Peanut Butter Stew

One some cold winter night in Portland, ME, a dear friend gathered a half-dozen or so people in her apartment to talk and drink wine and eat a fabulous concoction of rice, winter vegetables, swiss chard, peanut sauce and pineapple. An unusual combination, perhaps, but so delicious.

I didn’t have quite the same ingredients on hand, but managed a similar concoction for my main meal this week. I love the warmth of the red pepper in the peanut sauce and the root vegetables combined with the protein of the grain and nuts make this a wonderfully filling dish. Or I might just like it because it’s a slightly classier way to consume large amounts of peanut butter – as opposed to eating it out of the jar with a spoon…

The Recipe: Peanut Butter Stew

A fair amount of sweet onion, diced small
1 large clove garlic
2-4 tbsp olive oil
3 large russet potatoes, peeled and diced
4 medium-sized carrots, cut in rounds or diced
1 head of kale, washed, stemmed, and torn into edible chunks (You could also use swiss chard or spinach, depending on the season)
1.5 cups cooked quinoa (brown rice works as a substitute too)

2 cups peanut butter
1-2 cups hot water
Tamari/soy sauce to taste
Crushed red pepper to taste (or sriracha or cayenne or fresh hot peppers; anything to give it a sort of warm, slow heat)

1.) Heat oil in a soup pot and sautee onions and garlic until softened.
2.) Add potatoes and carrots. Continue to stir-fry until soft or add some water to the pot and cover. Allow to steam until softened and water has boiled away. (You may need to add a bit more oil at this step.)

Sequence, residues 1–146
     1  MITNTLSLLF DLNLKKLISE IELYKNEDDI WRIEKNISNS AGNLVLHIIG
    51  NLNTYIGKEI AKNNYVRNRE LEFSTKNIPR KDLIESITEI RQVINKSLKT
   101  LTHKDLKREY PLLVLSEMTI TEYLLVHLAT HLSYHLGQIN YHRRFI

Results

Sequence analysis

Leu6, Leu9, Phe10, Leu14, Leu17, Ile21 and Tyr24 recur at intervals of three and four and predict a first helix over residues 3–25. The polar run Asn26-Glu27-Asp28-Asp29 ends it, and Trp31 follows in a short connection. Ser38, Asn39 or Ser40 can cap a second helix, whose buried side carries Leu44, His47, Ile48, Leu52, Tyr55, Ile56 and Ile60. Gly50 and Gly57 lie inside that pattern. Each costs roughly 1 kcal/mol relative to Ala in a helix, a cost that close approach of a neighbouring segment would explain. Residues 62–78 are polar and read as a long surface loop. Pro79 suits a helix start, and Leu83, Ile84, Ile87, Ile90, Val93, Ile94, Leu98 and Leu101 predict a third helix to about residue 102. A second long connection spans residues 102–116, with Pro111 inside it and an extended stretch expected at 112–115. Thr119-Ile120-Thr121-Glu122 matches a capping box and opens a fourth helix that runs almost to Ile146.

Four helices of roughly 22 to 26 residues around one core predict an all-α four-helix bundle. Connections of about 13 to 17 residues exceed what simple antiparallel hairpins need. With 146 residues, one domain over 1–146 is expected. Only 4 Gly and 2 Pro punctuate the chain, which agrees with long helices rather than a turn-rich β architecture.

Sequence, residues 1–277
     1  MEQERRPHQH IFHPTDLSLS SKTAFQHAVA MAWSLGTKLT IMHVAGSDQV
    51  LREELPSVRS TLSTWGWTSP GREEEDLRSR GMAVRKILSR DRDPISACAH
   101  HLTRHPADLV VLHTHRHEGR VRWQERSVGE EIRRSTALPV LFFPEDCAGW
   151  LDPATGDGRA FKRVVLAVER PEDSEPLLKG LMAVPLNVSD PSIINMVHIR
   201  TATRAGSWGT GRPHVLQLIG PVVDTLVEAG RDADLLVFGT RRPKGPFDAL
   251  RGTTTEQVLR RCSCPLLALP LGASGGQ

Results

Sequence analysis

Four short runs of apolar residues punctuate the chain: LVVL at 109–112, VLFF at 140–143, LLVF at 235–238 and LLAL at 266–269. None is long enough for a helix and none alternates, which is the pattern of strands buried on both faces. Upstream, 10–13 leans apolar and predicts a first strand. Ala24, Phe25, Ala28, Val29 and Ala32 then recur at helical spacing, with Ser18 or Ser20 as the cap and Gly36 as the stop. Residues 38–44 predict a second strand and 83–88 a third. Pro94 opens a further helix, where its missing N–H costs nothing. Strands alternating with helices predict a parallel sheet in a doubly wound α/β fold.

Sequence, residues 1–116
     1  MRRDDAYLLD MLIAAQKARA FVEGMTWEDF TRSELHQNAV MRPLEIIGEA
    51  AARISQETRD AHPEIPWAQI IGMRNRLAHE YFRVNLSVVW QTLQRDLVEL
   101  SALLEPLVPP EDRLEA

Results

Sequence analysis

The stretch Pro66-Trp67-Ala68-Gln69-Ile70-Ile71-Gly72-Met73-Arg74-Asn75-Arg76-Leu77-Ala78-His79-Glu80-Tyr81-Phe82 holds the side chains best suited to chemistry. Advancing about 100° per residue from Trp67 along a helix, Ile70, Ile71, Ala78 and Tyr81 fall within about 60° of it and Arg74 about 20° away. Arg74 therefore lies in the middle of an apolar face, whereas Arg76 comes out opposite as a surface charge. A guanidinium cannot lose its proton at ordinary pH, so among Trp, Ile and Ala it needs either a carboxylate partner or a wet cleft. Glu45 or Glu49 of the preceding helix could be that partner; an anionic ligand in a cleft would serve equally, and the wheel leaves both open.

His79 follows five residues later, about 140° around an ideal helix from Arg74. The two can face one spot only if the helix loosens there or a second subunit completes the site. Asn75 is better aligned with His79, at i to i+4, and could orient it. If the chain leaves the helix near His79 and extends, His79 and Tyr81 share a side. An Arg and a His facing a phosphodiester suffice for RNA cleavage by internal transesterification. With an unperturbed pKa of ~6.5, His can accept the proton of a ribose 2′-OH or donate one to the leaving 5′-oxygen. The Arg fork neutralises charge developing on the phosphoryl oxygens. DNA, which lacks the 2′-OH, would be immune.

3.) While the vegetables cook, combine peanut butter, hot water, tamari, and crushed red pepper in a large bowl. You’ll want to add the hot water a cup at a time in order to have more control over the consistency. I made mine about the consistency of warm honey, but you could make it more like ranch dressing if you like a thinner sauce.
4.) Add kale to the mix. You can allow it to wilt as much as you like. I prefer more crunch for this green, so I just tossed it in for a couple minutes before…
5.) Add the peanut sauce and quinoa to the pot. Mix until everything is covered in the peanut sauce.

Serve hot and enjoy!


Singapore. Satay.

I’ve never been quite so happy to be back to eating meat as I was last Friday when M.L.’s order from a hawker at Bukit Timah Market arrived at our table in the corner carrying this:

Pork, mutton, and chicken satay from Bukit Timah Market.

The meat is sweet and savory at the same time and the peanut sauce that traditionally accompanies the dish adds a pleasantly surprising spice to the mix.

If there weren’t so many other delicious meal options on this island nation, I’d be tempted to eat it everyday. But since there are other food excursions to be had (tonight’s dim sum at Yum Cha in Chinatown deserves a post of its own), I’m going to just savor the memory of the satay and attempt my own version of it when I return to the States. There’s a good Malaysian recipe (here) that looks fairly similar to what we had as well as a slightly simpler Thai recipe that could also be delicious (here).

If someone else will volunteer to bring the potato salad and beer, this could be one heck of a summer barbeque…